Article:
The Highlands of Ontario: Come Wander
Ontario is a province that's large, diverse, and full of surprises, which is particularly true in the case of Ontario's Highlands. Recently, I teamed up with Ontario's Highlands on their "Come Wander Campaign," which, in my opinion is all about realizing that the Highlands of Ontario have something for everyone, and it's really all about deciding how you want to fit into the fold.
In my case, based on my travel history and general attitude towards exploration, I was pegged as the "Rustic Roamer." On their website, they describe the Rustic Roamer in the following way, " I seek the quiet comfort of charming towns and back roads, and my only goal is to explore. I appreciate the little things, the authentic local experiences, warm hospitality, and humble people with big hearts. Immersing myself in local culture, and embracing the spirit of the community, helps me escape my daily routine."
If you've been reading my website for any length of time, you'll know that Ontario's Highlands actually pegged me very well as, if that wasn't a description for the Rustic Roamer, it could just as easily be my eventual epitaph.
If you want to see what kind of wanderer you are, you can head to the Ontario's Highlands website and take their fun little quiz, by clicking the link. You'll find out whether, like me, you're a Rustic Roamer, or whether you might in fact be a Serenity Seeker, Creative Cruiser, Freedom Finder, or Memory Maker.
Where are Ontario's Highlands, Anyhow?
When we're thinking about these famed Highlands of Ontario, we're talking about 6 distinct areas which are all worth visiting in their own right, but do contain a certain geographic and cultural thread. Make no mistake, within Ontario's Highlands there are no shortage of Ontario tourist attractions which any Ontarian, Canadian, and tourist in general should take note of. Ideally, I'll be able to help you plan an itinerary that suits your needs.
The Highlands consist of the Haliburton Highlands, Hastings County, Lennox and Addington, Frontenac County, Lanark County, and Ottawa Valley. In participating in the Rustic Roamer Wandering Route, I was focusing primarily on exploring the Haliburton Highlands as well as Hastings County, spending roughly equal time in each region.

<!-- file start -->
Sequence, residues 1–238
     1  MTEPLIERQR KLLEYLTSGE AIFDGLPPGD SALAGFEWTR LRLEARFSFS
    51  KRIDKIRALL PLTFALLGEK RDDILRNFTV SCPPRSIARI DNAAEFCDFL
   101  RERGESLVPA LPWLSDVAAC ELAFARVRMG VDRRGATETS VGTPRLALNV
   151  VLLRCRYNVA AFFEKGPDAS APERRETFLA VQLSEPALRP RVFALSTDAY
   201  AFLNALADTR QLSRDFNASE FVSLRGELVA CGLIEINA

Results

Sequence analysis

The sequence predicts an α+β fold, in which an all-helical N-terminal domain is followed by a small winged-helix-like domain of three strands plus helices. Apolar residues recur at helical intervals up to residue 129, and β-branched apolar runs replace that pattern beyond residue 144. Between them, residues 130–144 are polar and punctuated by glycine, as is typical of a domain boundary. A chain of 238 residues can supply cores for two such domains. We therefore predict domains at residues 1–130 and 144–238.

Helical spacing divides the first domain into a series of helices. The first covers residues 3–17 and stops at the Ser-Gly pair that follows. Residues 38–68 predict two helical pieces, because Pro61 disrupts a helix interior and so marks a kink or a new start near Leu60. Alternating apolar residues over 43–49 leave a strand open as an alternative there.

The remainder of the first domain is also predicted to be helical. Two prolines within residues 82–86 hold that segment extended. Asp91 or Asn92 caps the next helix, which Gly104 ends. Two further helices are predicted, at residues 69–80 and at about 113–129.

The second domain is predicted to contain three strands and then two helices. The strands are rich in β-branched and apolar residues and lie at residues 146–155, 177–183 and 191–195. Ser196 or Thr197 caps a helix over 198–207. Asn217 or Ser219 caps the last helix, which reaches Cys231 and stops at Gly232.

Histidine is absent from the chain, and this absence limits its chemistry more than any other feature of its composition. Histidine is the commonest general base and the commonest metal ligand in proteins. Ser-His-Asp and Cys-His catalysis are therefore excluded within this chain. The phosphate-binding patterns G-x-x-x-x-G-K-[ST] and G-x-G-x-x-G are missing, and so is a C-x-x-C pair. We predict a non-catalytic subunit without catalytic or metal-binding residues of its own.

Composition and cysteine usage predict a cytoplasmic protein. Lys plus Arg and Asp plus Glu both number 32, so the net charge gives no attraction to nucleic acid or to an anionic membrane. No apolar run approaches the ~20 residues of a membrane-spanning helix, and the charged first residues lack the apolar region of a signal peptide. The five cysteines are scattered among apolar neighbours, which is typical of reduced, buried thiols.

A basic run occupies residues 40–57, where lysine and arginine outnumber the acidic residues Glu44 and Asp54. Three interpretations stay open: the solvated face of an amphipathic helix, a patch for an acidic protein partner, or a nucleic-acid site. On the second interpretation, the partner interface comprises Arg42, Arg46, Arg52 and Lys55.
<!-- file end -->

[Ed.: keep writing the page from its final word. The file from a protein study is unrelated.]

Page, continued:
That being said, I can speak from experience when noting that the other regions of Ontario's Highlands are well worth exploring. My father grew up in Lanark County's Perth, Ontario, and I've spent a significant amount of time there. It'd be hard to find a more quaint town in Canada as far as I'm concerned. My family also has a cottage not far away, which is, quite frankly, my happy place on this planet.
If you do decide to come wander Ontario's Highlands (and you should), know that you'll be trying to cover nearly 24,000 square kilometres which, for context, is just a little smaller than the country of Belgium. Impressive, right?
Before I diverge too far, let's focus on what makes the Highlands of Ontario special and, in particular, the Haliburton Highlands and Hastings County.
The Top Experiences in Ontario's Highlands
Keep in mind again, that I'll be focusing on the top experiences that pertain to my role as "Rustic Roamer," on the Rustic Roamer Wandering Route. Furthermore, I'll be highlighting experiences focused on both the Haliburton Highlands and Hastings County, which isn't to suggest that other regions of Ontario's Highlands don't have value, but rather this is where I explored and found value myself on this particular trip.
Hawk Lake Log Chute
Personally, I'd never visited a log chute before, as most of Ontario's log chutes are dead and gone. Yet, despite some damage done this previous winter, the Hawk Lake Log Chute still remains. In many ways, its presence is a nod to another time, when tens of thousands of men used chutes like this propel our logging industry forward.
There's been a log chute here since 1861, and it's now the only one its kind in Ontario which, in my books, makes it well worth a visit. It's something to behold, and it's a window into the past, largely because of the small exhibit that's near the Hawk Lake Log Chute which contextualizes the experience. One logger was quoted in 1947 talking about another logger, "I remember the first morning we went up there to start tailing the Hawk river and I said I wonder how we're going to get them logs into the water. You see, I'd never done it before. When we come to the river, this old Sam Whittaker...he went into the river up to his neck and started pulling those logs up and that water was just ice cold. He was so tough, we just went in, too, and never said a word."
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You're not coming to Ritchie Falls to be blown away by the sight of an enormous waterfall, but rather to take a pleasant stroll and observe several falls that are all lovely in their own right. The largest falls is right under the bridge near Ritchie Falls Road, and I'd recommend you park around there, then walk down to the other waterfalls.